Engaging, Participating, Interacting, Creating – Fulfillment, Leadership, Organization, Wisdom

Experience the Joy of Listening

Posted by Herman Najoli on August 17, 2007

In a couple of hours I will be meeting a student for teh first time and one of my strategies today is simply to listen to my student and learn what his goals are. Listening is perhaps one of the most basic social skills but few people take the time to master the process of listening. One wag once joked that ‘we are given two ears and one mouth so that we can listen more and talk less’.

In keeping with the idea of listening, I’d like to look at the art of listening by way of an acrostic of the word LISTEN. 

How to Increase Your Listen-Ability Skills

One of the most painful things for a speaker is the realization no one is listening until when the speaker makes a mistake. The joy of conversation (or public speaking) is usually crucified by the luxury of half-listeners. Regaining the art of listening necessiates an ability to LISTEN. Here’s how:

Look at the speaker and focus on her words – This might seem as a very simple and easy thing to do but it’s among the top, most challenging skills for many people. Last week I was talking to a friend at the Global Center in downtown Cincinnati and she told me that she has always had a hard time looking at people during conversation. This is someone who works at a place where she rubs shoulders with dignitaries from all over the world! Some people choose to look over the speaker’s head. Eye-contact is essential to communicate a listening attitude.  

Indicate understanding by nodding affirmatively – I once mentored a teenager who had a huge problem with accepting my ideas. This was a really nice young man who had been brought up on the north side of Omaha in Nebraska. What I noticed with him was that, as adults approached him to speak with him, he would immediately go into a mode in which he would shake his head from side to side and look down at his feet. After lots of coaching sessions, he began nodding positively and that created a lot of room for him to start accepting my feedback.

Spot any distracters and put them out of your mind – We live in a society in which so much demands our attention. I’ve been in meetings where, all of a sudden, I’ve noticed my mind drifting away to other things that I’d rather be doing (well, some of the time the content – or was it the speaker? – may have been boring.) But really, that’s no reason to zone-out a speaker and go to lala land (lala is a Swahili word for sleep). When this happens we must consciously choose to put any distracting thoughts completely out of our minds. That’s the key to concentration, the glue of listening.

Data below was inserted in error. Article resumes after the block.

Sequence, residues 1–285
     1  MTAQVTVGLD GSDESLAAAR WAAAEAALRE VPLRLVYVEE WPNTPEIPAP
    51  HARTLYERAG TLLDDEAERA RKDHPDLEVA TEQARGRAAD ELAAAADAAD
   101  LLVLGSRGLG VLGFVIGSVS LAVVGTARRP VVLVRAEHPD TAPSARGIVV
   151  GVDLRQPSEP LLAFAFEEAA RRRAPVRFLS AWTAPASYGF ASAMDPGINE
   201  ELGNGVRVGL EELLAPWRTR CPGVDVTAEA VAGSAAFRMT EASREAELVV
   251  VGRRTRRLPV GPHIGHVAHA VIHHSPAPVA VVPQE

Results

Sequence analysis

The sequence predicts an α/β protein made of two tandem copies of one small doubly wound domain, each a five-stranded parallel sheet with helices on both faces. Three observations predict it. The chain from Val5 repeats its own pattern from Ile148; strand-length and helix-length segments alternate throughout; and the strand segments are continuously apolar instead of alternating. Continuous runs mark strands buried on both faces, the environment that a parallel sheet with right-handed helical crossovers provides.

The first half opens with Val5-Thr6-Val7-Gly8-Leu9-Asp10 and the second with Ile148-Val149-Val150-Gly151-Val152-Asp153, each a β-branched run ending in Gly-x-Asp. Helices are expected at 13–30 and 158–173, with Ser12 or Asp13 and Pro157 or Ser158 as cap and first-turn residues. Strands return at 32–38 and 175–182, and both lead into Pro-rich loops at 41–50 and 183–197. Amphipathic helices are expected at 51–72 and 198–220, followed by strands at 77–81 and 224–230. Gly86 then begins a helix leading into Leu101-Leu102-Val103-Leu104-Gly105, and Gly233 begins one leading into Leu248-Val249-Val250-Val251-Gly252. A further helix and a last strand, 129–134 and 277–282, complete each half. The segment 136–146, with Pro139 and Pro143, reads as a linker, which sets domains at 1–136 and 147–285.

Try not to think of what you are going to say next – My wife has a great illustration she normally uses when coaching people on their listening skills. She talks about this funny commercial in which there’s a lady being spoken to. During the entire time she is eating Doritos and has zoned out the speaker. This has been a huge area of personal growth for me in my marriage. I thought I had learnt all I needed about it from my mom only to find that I was still raw on this habit after I got married. Nowadays I have learnt to gain power over my thoughts and focus on the speaker, thanks to the two most important women in my my life.  

Engage actively by participating on your turn – The art of listening goes hand in hand with demonstrating an understanding of the spoken word. Active engagement might mean responding in a concise manner or taking notes that enhance your grasp of the content. Listening is not a one-sided activity. It’s dialogue. As you engage in dialogue, you need to be able to monitor your internal conversations. Internal conversation should be focused on the speaker, not on what you are going to say next. Healthy listening skills come from being able to enage with the speaker. It’s about connectedness that comes from each party’s ability to play their roles effectively.

Note key points and make it a point to remember them – Stephen Covey, author of The 7 Habits of Highly Effective People, talks about an “Indian talking stick” that was given to him by Indian chiefs. According to Indian culture, listeners were not permitted to say anything until the speaker passed the talking stick to them. The talking stick was never passed around until the speaker felt completely understood. What a beautiful way to communicate the sacredness of listening! Actually, here’s a link to the video where Stephen Cover talks about the Indian Talking Stick. It’s a great concept worth grasping fully.

Let’s regain the art of listening. Better listening not only enhances your knowledge of the topic but also communicates respect to the speaker. The key to being a great listener is to LISTEN. As my mother used to say, “Listening is one thing; hearing is another”. Let’s listen to hear.


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